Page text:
Mentor to George Retkes
Mark Aeling: I have been making a living making things for over 30 years now. Much of my work revolves around large-scale public art and private commissioned sculpture. I also have a body of work that is more human-scaled sculpture that is driven by my love of making. It revolves around the exploration of materials and how they influence concept and form.
CP: Have you ever mentored another artist before?
MA: Yes. I have been employing young artists for many years and training them in the processes of making sculpture. That would be a form of mentoring. I have also had a number of interns throughout the years and had a program set up with the sculpture department at my alma mater, Washington University in Saint Louis.
CP: What has your relationship with your mentee been like?
MA: I have known George for many years, since he began working for me four or five years ago. This mentorship has given us the opportunity to get to know each other in a different way. We have engaged in a deeper level of conversation about art and business and life goals.
CP: When you meet, what types of things do you work on?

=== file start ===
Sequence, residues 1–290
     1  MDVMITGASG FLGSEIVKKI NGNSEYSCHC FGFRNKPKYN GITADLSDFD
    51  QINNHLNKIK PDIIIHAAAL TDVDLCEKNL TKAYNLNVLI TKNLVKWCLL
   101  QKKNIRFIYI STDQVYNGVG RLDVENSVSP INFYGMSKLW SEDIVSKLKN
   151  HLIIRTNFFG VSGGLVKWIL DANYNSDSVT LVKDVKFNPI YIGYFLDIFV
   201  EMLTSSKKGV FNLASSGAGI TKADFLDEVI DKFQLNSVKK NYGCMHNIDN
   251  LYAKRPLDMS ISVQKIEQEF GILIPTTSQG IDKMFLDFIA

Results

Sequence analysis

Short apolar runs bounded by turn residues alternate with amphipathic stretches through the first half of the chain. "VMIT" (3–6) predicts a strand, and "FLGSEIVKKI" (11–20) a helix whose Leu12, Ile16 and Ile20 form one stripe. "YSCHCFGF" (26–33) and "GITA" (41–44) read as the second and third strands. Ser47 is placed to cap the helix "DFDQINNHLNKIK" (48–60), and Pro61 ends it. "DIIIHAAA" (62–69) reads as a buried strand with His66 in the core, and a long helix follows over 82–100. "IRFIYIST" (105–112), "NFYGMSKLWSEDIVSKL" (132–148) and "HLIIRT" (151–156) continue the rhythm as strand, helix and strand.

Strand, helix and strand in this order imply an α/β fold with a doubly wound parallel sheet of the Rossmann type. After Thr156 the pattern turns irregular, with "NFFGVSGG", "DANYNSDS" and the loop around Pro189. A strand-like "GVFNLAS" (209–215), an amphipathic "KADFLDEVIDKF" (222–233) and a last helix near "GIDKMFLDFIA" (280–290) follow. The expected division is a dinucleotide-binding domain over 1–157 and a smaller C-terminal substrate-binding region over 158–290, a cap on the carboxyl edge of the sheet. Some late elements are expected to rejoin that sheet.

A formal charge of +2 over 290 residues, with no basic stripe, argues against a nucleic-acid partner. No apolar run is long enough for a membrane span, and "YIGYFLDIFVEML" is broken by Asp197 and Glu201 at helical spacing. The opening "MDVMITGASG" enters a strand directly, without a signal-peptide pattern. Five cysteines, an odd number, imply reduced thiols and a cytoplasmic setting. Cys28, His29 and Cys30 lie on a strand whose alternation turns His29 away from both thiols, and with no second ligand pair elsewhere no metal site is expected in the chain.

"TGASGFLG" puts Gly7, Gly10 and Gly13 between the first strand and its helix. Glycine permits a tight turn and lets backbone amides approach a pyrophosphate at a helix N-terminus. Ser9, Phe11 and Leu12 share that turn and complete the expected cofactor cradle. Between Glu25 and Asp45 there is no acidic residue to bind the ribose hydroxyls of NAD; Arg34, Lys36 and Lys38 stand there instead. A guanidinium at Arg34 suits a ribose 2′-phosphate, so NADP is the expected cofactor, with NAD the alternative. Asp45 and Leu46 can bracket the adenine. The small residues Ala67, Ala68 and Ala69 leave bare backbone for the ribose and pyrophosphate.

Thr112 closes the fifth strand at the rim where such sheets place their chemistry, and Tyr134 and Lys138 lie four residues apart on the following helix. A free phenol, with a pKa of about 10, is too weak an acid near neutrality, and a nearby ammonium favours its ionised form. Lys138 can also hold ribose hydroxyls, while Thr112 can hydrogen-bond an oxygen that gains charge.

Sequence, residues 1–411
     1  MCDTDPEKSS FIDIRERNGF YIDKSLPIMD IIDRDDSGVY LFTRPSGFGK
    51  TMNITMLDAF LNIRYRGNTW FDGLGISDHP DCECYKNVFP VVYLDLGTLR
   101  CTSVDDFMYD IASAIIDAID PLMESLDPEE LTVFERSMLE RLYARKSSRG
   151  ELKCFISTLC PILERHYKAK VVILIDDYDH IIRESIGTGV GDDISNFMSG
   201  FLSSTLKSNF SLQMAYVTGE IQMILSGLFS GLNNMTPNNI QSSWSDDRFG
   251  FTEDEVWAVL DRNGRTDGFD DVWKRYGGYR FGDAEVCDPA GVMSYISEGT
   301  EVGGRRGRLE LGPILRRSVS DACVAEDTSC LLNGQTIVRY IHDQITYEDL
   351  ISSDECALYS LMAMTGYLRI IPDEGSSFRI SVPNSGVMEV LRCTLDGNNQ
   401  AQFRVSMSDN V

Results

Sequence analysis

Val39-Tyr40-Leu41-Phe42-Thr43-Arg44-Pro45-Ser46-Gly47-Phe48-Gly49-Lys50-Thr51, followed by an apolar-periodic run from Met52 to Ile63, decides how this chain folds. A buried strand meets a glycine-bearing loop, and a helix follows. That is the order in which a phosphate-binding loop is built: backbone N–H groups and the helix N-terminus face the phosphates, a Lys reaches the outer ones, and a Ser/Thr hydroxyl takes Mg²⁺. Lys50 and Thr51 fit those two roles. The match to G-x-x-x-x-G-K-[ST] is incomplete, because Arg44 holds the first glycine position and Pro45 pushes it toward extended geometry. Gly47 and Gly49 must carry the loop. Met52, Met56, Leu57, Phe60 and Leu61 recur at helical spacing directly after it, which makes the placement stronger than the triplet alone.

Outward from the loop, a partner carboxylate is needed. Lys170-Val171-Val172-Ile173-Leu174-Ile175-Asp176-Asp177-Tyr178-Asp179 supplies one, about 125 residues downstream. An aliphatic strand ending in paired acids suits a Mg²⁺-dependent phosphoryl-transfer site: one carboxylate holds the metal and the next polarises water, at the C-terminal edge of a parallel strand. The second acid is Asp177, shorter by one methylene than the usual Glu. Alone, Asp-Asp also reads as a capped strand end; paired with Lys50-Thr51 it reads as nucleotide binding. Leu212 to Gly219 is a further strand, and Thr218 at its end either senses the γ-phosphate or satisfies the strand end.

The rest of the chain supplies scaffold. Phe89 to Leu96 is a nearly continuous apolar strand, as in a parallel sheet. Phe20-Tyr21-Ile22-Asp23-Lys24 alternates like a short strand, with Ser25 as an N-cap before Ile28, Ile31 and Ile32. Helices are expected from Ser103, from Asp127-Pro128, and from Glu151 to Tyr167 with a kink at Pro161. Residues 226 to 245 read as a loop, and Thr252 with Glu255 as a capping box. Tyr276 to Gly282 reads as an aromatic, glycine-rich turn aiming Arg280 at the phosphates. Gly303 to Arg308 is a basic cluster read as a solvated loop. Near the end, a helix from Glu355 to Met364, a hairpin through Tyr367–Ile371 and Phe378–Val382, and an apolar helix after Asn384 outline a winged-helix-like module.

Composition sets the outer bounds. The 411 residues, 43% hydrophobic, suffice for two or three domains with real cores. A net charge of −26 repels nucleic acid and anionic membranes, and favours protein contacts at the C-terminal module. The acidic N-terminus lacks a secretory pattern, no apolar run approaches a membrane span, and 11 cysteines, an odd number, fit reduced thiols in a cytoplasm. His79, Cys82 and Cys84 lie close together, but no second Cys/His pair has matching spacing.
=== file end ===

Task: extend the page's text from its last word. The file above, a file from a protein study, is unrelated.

MA: At our first meeting, we set up an outline that covered a variety of topics from a one-year, five-year and 10-year plan. Goals for the body of work for the grant period. Exercises for inspiring the creative process. Looking at art as a business, which involves assessing streams of revenue, understanding third party sales and commissioned work. Contracts, liability and risk. Networking, and lastly work review and studio visit
Every visit has been about 1.5 to 2 hours and we have made sure to touch on all of the topics listed in the outline.
CP: What do you hope is the most important thing he took away from his time working with you?
MA: Identifying goals and setting processes in place to achieve them. Being proactive.
CP: Have you seen any changes to George’s work or his approach to art since you started working with him?
MA: George has been working on a series of pieces that are very exciting to see. To see these pieces evolve from conversation to concept to executed work has been inspiring.
CP: How has this mentorship influenced your own work as an artist?
MA: After our discussions, I have felt invigorated by the depth of our communication and it has inspired me to share more of my creative and professional intent with my team. I think it has made them feel more connected to the process.